Make sure that the number of Columns is not bigger as the number placed. The programcode has no protection against that !

The OpenReport code:

Private Sub Report_Open(Cancel As Integer)
Dim intI As Integer
Dim intR As Integer

Dim rs As Recordset

Set rs = CurrentDb.OpenRecordset(Me.RecordSource)

'Place headers
For intI = 3 To rs.Fields.Count - 1
Me("lblCol" & intI - 1).Caption = rs.Fields(intI).Name
Next intI

'Place correct controlsource
For intI = 3 To rs.Fields.Count - 1
Me("Col" & intI - 1).ControlSource = rs.Fields(intI).Name
Next intI

'Place Total field
Me.ColTotal.ControlSource = "=SUM([" & rs.Fields(2).Name & "])"

End Sub

The report query has two rowheader columns and a Total column, therefor the first field is effectively column 4 (count starts at 0 so I used intI=3) but it could differ for you.

Nic;o)
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harfangCommented:
For a cross-tabl *query*, simply remove the column headings. They will be updated each time. But you can't then use the query as source for a form or report.

A variant of Nic's solution:

Use a lookup table for the values in the field, storing only the number. The table looks like this:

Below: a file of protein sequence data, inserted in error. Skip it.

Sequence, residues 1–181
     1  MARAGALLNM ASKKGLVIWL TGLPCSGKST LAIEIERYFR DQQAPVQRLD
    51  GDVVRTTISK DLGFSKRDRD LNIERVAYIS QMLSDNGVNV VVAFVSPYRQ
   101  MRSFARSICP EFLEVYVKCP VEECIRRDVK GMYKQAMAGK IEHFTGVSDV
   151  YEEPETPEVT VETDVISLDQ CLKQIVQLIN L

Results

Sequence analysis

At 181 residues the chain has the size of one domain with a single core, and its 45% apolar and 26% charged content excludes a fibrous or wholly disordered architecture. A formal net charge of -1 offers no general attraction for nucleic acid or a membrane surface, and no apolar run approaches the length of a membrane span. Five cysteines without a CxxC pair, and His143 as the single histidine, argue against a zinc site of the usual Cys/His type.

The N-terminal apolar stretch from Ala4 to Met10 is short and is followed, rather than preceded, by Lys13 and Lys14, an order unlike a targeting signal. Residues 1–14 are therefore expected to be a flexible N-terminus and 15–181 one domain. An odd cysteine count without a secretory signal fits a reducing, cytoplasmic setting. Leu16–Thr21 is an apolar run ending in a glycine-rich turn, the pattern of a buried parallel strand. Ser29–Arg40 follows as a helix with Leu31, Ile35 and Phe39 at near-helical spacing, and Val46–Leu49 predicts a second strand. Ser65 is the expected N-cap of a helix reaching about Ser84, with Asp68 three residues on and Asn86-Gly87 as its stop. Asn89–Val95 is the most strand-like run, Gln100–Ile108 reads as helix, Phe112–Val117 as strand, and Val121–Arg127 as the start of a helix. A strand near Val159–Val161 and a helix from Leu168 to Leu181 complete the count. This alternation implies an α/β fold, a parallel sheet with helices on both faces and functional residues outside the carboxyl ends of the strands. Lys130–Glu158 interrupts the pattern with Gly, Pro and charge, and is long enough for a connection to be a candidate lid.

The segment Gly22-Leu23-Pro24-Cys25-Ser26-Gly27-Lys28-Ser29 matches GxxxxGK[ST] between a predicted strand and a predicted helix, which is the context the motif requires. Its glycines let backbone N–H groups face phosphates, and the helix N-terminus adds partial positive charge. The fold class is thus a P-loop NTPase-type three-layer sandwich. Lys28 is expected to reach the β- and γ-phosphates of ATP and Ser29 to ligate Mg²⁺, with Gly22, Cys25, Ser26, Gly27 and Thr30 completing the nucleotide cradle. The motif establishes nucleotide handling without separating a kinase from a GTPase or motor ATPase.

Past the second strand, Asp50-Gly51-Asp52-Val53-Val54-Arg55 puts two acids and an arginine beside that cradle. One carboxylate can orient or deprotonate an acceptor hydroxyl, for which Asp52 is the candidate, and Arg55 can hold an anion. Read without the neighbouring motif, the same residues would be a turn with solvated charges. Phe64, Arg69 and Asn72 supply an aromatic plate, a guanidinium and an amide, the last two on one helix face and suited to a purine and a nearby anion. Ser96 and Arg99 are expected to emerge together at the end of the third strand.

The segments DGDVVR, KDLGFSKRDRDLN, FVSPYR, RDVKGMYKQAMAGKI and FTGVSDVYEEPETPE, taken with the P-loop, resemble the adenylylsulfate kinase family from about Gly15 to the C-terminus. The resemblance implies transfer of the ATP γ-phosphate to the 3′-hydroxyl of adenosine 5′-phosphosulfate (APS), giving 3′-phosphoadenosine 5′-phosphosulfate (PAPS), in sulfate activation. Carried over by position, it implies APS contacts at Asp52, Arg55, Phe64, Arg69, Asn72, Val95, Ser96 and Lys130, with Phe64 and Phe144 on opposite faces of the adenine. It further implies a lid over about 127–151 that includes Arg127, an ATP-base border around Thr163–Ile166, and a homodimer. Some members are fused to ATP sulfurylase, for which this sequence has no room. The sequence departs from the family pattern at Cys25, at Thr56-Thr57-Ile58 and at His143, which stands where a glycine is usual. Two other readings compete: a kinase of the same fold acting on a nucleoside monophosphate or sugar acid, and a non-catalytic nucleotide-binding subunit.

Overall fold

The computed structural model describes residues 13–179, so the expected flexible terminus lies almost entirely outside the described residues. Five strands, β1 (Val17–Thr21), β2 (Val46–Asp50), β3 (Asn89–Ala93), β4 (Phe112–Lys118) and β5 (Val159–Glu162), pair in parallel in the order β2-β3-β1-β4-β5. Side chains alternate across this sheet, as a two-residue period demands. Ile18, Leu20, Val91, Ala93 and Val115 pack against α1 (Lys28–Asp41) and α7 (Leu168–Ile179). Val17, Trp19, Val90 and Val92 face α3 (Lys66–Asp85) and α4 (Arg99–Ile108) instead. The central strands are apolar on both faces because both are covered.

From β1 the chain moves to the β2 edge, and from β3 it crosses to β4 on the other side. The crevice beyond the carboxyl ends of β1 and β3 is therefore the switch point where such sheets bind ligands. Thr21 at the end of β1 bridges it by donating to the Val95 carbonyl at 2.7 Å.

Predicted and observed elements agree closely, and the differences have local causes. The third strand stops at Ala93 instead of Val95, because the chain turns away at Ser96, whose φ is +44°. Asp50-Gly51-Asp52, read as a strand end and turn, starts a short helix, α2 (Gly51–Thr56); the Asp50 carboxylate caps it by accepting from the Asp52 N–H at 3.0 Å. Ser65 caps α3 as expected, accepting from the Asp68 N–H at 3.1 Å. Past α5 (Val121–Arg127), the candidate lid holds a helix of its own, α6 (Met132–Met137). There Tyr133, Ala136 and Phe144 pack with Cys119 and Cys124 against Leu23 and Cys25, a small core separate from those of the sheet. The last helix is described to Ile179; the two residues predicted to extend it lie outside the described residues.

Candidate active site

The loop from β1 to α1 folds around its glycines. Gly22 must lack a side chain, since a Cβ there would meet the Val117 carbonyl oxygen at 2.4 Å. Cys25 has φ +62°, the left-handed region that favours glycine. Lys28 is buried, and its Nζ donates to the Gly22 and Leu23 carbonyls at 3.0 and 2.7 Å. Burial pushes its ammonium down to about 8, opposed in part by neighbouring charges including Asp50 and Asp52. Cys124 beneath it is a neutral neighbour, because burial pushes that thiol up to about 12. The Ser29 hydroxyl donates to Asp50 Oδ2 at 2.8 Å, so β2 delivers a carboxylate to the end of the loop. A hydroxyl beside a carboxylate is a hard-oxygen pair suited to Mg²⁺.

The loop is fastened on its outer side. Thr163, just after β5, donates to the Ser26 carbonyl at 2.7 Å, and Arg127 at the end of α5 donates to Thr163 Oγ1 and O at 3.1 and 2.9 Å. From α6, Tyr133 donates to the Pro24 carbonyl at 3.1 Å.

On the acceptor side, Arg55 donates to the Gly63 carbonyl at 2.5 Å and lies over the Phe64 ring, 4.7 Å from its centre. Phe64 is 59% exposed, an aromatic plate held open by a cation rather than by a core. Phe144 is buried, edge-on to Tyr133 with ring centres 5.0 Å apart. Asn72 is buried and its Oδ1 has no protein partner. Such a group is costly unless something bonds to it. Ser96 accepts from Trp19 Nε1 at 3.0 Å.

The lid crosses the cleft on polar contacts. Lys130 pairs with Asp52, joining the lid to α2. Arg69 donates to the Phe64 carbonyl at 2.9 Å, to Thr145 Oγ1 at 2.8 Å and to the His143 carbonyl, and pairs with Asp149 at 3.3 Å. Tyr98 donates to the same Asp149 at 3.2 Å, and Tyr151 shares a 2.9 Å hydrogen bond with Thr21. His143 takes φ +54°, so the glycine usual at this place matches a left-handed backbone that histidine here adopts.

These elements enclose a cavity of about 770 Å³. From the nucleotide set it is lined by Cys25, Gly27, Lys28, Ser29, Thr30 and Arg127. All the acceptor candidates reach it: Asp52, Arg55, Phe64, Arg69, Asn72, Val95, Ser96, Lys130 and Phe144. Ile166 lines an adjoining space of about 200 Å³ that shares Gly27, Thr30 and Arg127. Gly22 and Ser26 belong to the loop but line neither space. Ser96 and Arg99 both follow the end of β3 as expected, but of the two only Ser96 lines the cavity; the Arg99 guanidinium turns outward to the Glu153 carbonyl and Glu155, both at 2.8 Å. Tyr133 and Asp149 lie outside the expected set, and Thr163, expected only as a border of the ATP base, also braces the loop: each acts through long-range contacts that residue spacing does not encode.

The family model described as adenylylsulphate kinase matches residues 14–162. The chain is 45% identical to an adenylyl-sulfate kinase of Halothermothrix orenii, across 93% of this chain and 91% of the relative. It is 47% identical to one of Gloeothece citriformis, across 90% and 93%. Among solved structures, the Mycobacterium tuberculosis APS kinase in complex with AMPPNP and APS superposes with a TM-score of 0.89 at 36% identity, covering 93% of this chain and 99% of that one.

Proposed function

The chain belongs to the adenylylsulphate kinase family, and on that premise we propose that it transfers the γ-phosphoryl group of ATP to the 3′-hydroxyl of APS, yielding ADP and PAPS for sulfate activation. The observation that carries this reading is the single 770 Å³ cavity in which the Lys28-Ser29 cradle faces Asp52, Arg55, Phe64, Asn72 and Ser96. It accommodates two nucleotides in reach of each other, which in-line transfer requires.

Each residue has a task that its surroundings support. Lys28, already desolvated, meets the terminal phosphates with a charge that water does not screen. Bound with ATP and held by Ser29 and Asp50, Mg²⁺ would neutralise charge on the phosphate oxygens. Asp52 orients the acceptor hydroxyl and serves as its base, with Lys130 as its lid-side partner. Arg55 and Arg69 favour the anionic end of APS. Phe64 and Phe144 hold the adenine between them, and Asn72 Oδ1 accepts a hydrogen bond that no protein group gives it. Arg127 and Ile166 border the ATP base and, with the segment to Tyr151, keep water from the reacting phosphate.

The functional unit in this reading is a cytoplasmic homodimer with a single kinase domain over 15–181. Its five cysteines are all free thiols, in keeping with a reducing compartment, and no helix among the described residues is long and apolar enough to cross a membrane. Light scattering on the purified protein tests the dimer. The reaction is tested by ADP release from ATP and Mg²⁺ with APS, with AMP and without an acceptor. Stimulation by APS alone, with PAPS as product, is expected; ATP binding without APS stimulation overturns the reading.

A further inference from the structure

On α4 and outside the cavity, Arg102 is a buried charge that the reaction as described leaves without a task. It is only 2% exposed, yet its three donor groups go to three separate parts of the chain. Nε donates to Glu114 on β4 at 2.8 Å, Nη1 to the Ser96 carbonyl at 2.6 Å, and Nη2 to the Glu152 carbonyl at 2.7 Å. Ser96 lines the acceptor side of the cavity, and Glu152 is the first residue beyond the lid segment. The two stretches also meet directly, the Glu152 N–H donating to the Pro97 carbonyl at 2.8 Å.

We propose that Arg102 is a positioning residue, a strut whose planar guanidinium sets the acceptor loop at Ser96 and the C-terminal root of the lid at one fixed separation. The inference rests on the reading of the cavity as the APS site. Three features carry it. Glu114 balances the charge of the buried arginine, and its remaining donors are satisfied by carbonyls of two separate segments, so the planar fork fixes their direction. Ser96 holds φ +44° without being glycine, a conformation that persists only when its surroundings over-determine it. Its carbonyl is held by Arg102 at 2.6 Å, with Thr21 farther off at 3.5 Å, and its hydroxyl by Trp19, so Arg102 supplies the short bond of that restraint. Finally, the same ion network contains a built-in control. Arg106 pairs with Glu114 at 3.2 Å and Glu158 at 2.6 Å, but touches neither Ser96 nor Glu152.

StatusID StatusName
     1     agree
     2     error
     3     developmental

In the main table, the same numbers are stored, translated by a combo box.

In the cross-tab query, use: 'Col' & StatusID as comlumn title, and add the column headings as usual.

1) For forms:
On form open, browse the table and rewrite the captions of the labels corresponding to each column/field. E.g.

    With CurrentDb.OpenRecordSet("tblStatusValues", dbOpenDynaset")
        Do Until .EOF
            Me("lblStatusValue" & .AbsolutePosition+1 = !StatusName
            If .AbsolutePostion >= 2 then exit Do
        Loop
    End With

2) For reports:
The same can be used, but if you don't want VB programming, there is another solution.
Create a simple cross-tab query on "tblStatusValues" showing a single row with the StatusName as value: First(StatusName).
Create a subform with that query *as* title area for your columns.
Use the other cross-tab to show the values.

Hope this helps!
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ohgeeAuthor Commented:
Thanks Nico,